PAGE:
All of a sudden, conservatives were never really against gay marriage to begin with. They just wanted to achieve it through the democratic process. “Many people will rejoice at this decision, and I begrudge none of their celebration,” wrote Chief Justice John Roberts in his dissent, implying that he thinks gay marriage is a delightful thing. On Fox News, The Weekly Standard’s Stephen Hayes endorsed gay marriage but called the Court’s decision “the wrong way to do the right thing.”
Forgive my cynicism, but I don’t buy it. First, the conservatives who say they want same-sex marriage but only through the democratic process don’t acknowledge just how devastating that principle would be to millions of LGBT Americans who want to marry the person they love. After all, if it’s wrong for the Supreme Court to require same-sex marriage, then it’s just as wrong for lower courts to do so. But of the 37 states that had legalized gay marriage on the eve of the Court’s decision, 26 had done so via lower courts.* Only 11 states had legalized it through the legislative process or by popular referendum. That means that, in Roberts and Hayes’ ideal world, gay and lesbian Americans in 39 states would still lack marriage rights. Thirty-one of those states, as Charles Lane noted on the Fox panel with Hayes, have passed constitutional amendments banning same-sex marriage. Undoing those amendments democratically, especially in states like Utah, Alabama, and Mississippi, would have taken a long time—Hayes himself estimated 15 to 20 years. If you’re fine telling millions of gay Americans to wait that long, you don’t really consider same-sex marriage that important.
Second, the principle that the Supreme Court should never remove controversial subjects from the democratic arena is not one conservatives adhere to very scrupulously. Perhaps it’s my forgetfulness, but I don’t remember many conservatives reacting to the Roberts Court’s decision to invalidate campaign-finance laws by declaring that, while they oppose such laws, they only want them repealed democratically. In fact, I’m unaware of any recent court decision whose policy implications conservatives supported but which they nonetheless opposed for democracy’s sake. That includes Bush v. Gore, when the Supreme Court told Florida to stop counting ballots and effectively chose America’s president in 2000.
Third, if we’re supposed to believe that the conservatives who opposed the Court’s decision really, really support same-sex marriage but just want to achieve it democratically, then it’s worth asking what exactly they have done to further the cause. Type “Weekly Standard” and “same-sex marriage” and you’re not exactly showered with paeans to idea. In fact, among the first 15 articles and blogs on the subject, I couldn’t find one supporting same-sex marriage. (Though third on the list was an article calling the gay marriage movement “more and more totalitarian.”)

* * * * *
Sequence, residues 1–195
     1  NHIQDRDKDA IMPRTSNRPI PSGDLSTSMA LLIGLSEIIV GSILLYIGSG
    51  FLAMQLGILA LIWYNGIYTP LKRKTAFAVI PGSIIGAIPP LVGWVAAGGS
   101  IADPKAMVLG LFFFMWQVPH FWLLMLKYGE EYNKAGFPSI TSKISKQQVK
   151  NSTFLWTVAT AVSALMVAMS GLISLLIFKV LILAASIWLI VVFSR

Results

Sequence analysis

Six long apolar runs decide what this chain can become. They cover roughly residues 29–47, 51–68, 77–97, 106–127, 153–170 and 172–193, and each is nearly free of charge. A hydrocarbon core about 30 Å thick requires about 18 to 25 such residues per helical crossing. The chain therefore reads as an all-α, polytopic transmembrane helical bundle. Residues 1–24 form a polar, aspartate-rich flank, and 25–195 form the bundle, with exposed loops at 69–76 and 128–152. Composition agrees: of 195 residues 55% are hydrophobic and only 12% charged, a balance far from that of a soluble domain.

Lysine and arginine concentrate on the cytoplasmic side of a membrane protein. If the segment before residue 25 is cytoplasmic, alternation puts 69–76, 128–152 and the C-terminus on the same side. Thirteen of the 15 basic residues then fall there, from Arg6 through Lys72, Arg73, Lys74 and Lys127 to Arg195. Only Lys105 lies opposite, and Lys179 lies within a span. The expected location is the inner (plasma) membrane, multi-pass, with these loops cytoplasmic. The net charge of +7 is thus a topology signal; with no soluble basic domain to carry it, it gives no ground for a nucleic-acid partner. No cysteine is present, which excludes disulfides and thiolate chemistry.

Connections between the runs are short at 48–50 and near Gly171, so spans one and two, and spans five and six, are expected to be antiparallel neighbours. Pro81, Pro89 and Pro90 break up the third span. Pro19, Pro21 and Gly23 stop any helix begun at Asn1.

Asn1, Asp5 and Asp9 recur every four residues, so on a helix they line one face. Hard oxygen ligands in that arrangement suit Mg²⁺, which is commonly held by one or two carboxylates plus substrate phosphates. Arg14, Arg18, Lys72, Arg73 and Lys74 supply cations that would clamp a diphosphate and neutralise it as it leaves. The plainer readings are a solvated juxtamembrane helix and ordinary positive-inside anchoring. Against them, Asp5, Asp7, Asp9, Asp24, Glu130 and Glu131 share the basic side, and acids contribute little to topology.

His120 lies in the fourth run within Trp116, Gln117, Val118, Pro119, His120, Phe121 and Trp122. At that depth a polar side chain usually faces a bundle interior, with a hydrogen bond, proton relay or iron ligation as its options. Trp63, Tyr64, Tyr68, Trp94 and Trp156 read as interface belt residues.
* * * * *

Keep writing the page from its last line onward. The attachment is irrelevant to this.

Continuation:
And it’s not just his own magazine that Hayes has proved unable to convince. Not a single Republican presidential candidate supports same-sex marriage—not via the legislative process, via referendum, or in any other way. When conservatives believe in something passionately—think of their opposition to Obama’s nuclear deal with Iran—they’re pretty good at getting their perspective heard and at getting GOP politicians on board. But you have to strain awfully hard to hear the drumbeat of conservatives calling for same-sex marriage but only through the democratic process. In fact, it’s an argument you hear most when conservatives are looking for a way to make their opposition to pro-marriage equality court decisions more palatable. It’s a little like President Obama and other liberals who in 2008 called for sending more troops to Afghanistan while withdrawing them from Iraq. Were they really that excited about doubling down in Afghanistan? Not really. But it made their opposition to Iraq sound less extreme.
Obviously, there’s a distinction between believing something is good policy and believing the Constitution guarantees it. It’s just not a distinction the Beltway right has a record of caring very much about. And in opposing the greatest judicial affirmation of American equality in our time, they’ve chosen a very odd time to start.
* This article originally stated that the 27 rulings were made by state courts; some were made by lower federal courts. We regret the error.
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